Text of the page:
Poncho Sanchez and his Latin Jazz Band took the chapel stage on Thursday, Feb. 6, and set the hall on fire with the hot sounds of salsa and Latin jazz music. In addition to his fantastic musicians from Los Angeles, Sanchez brought with him his usual drive for energetic music and high spirits.
The seemingly young band all seemed to feed off each other’s energy throughout the evening, showing that they were all strong musicians who had great love for the music.
The veterans of the band, particularly Tony Banda on bass and Sanchez himself, seemed to flow effortlessly with every musical situation that arose. The newer members of the band–George Ortiz (timbales), Serafin Aguilar (trumpet), and Sal Vasquez (bongos, tres)–showed musical sophistication beyond their years.
The band opened the first set with a straight-up salsa tune featuring Francisco Torres on trombone and Aguilar on trumpet, followed by Sanchez on congas. From the get go, the band grooved hard and showed the audience what Latin music is all about.
Poncho Sanchez’s band stands out among other Latin jazz groups for his strong ties to the traditional salsa bands of the ’50s and ’60s, namely Mongo Santamar¡a’s bands.
At the same time, he presents traditional jazz standards in various Latin styles. The band never really breaks free of the traditional Latin jazz styles and into new sounds; however, they do the traditional thing about as good as it gets.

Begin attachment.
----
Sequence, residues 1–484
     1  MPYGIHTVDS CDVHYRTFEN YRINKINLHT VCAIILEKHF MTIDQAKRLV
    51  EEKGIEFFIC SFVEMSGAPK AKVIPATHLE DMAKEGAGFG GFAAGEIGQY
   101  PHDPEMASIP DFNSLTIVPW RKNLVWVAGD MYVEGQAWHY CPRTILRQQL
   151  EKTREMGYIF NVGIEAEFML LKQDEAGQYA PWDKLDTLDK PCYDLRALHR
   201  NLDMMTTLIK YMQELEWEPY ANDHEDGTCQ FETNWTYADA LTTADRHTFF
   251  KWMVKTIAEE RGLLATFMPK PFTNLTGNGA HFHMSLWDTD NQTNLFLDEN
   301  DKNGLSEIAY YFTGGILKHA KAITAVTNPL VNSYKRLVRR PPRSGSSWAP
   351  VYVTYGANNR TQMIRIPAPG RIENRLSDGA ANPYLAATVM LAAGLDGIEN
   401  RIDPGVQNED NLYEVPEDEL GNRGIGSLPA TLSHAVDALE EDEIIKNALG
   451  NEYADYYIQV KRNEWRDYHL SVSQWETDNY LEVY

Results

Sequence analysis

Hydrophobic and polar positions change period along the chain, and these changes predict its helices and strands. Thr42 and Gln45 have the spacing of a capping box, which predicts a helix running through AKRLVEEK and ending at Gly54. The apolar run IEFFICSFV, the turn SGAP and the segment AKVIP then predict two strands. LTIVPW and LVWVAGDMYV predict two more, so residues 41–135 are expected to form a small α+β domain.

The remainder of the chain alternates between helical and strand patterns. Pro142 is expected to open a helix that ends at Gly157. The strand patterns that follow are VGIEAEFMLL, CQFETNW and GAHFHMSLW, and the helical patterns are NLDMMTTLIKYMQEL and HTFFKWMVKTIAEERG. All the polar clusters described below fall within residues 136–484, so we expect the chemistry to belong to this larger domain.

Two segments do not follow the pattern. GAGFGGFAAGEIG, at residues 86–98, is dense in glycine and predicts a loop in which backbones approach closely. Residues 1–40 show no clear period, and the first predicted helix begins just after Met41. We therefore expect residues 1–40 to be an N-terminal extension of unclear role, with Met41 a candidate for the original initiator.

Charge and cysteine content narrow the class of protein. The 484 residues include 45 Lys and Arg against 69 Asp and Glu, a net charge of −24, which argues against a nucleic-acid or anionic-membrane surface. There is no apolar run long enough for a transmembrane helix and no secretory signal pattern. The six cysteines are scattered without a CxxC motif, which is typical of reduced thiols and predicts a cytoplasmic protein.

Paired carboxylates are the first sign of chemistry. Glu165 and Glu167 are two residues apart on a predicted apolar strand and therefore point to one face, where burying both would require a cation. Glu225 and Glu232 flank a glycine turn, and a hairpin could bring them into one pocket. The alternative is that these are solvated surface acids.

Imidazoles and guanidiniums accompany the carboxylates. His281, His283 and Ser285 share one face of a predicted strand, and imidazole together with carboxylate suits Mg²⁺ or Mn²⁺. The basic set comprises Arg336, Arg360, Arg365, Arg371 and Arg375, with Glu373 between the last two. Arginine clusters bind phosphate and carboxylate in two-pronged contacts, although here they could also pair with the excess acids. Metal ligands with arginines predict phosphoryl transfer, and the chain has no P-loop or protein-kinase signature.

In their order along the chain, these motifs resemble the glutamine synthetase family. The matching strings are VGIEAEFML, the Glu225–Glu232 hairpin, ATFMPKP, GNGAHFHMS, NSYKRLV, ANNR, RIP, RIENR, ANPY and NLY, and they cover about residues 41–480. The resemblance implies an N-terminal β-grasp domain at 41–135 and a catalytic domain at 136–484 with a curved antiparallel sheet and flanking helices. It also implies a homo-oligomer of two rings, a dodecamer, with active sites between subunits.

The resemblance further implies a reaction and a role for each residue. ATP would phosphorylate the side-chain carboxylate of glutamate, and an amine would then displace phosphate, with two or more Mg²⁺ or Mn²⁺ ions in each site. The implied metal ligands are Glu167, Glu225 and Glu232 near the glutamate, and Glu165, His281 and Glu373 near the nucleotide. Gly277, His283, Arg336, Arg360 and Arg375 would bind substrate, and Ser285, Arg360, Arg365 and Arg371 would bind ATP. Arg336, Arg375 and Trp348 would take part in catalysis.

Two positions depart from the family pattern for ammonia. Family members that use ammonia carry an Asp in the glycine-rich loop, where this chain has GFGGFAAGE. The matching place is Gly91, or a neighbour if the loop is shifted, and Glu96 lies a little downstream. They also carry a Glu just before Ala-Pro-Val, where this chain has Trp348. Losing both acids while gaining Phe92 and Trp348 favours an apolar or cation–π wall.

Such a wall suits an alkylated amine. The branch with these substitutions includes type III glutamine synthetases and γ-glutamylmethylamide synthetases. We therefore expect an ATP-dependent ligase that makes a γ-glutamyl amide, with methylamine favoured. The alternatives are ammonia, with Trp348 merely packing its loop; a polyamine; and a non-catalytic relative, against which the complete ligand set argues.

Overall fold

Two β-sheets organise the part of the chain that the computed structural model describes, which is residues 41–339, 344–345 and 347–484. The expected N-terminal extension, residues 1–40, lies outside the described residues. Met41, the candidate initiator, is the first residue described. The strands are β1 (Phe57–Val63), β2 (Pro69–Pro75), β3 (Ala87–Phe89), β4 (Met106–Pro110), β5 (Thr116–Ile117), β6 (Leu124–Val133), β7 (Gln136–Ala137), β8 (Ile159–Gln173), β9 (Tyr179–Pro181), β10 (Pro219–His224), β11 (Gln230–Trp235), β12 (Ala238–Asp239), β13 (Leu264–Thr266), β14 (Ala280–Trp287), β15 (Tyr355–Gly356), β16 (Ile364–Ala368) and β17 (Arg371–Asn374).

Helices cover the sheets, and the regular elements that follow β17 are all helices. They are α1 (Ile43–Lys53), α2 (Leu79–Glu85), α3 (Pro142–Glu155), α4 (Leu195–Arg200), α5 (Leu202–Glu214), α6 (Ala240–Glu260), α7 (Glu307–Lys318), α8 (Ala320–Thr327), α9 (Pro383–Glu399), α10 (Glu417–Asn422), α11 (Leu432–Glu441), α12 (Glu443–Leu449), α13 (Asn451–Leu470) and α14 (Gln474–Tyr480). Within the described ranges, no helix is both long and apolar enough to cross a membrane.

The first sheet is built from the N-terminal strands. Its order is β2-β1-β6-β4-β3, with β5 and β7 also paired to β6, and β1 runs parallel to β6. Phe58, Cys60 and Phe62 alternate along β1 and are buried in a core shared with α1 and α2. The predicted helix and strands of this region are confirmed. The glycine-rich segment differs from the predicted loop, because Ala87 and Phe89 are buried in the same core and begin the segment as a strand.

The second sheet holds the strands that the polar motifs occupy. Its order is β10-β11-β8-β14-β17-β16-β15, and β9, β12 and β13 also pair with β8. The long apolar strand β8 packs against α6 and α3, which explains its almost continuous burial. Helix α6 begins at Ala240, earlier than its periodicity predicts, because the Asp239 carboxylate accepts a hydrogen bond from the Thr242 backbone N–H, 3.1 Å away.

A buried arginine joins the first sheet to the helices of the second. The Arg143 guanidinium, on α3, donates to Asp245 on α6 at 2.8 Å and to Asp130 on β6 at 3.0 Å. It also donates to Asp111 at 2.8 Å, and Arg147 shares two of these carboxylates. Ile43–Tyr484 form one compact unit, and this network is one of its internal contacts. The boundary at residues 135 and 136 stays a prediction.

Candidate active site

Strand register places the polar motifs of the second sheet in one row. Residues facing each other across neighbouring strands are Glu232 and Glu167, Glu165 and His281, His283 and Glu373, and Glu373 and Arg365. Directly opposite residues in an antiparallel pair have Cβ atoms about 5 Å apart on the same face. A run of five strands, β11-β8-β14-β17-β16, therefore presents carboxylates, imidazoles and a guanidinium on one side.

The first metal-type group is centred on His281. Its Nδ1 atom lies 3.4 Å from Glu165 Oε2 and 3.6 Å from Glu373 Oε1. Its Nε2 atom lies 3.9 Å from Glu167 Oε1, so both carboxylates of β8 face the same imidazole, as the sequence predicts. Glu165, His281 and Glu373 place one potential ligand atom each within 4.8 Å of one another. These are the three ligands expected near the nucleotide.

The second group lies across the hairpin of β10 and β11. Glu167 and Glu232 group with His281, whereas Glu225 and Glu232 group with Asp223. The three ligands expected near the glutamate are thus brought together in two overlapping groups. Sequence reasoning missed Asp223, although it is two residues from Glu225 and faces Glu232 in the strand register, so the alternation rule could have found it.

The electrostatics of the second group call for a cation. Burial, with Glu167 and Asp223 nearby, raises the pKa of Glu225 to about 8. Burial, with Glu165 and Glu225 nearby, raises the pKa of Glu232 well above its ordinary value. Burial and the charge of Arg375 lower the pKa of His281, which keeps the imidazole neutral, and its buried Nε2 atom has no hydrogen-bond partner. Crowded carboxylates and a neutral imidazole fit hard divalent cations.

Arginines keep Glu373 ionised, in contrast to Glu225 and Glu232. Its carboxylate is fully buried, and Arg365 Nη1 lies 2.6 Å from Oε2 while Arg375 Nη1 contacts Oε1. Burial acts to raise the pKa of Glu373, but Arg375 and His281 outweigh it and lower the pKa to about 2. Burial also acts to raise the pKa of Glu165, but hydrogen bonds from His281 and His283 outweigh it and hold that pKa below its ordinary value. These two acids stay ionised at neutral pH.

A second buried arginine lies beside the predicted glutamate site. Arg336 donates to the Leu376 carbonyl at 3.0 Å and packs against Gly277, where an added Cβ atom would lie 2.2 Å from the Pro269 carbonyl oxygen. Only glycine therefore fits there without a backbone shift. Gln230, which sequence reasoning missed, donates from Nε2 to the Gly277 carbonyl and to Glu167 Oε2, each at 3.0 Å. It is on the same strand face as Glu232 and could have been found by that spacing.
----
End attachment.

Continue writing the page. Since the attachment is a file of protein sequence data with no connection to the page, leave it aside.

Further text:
The first set had many remarkable moments. Ortiz’ amazing timbale solo over Frank Foster’s standard “Shiny Stockings,” written for the Count Basie band, was one of the high points of the set.
Sanchez opened up the tune after that with a freely played conga solo that showed off his virtuosic talents. He broke into the Wayne Shorter tune “Ju Ju,” set to a nice 6/8 groove, with an interesting section for Sanchez and Banda to jam together on rattling gourd instruments called shekers, which produced big resonant tones when struck.
David Torres’ piano solo on the ballad “Stella by Starlight” by Victor Young was a beautifully played moment of the first half that provided a nice change of pace from all of the energetic drive of the rest of the half.
The band then moved to the Ray Charles tune “One Mint Julep,” which showed off some of the funk influence on Latin music.
Next on the program was the Latin standard “Conmigo” featuring the talents of Vasquez on the tres, a guitar-like instrument with a metallic buzzing sound, fitting for Latin music.
The second half began with another funk tribute, this time to James Brown, featuring an impressive trombone solo by Torres.
The tributes continued with a string of tunes in honor of the late great Santamar¡a, who just passed away Feb. 1 of this year. Santamar¡a is probably the biggest musical influence on Sanchez.
First they did a great take on the tune “Dolce Amor,” done as a bolero with a great solo by Scott Martin on alto saxophone. Sanchez really got the crowd moving again with “Watermelon Man,” made famous by both Santamar¡a and jazz pianist Herbie Hancock.
Sanchez mentioned that their band would be venturing into the studio again for another recording soon with some of the unrecorded songs heard at the concert.
His latest album–“Latin Spirits,” released in ’01–and other albums have always showcased some of the best talent of Latin jazz music since he first started recording in 1983.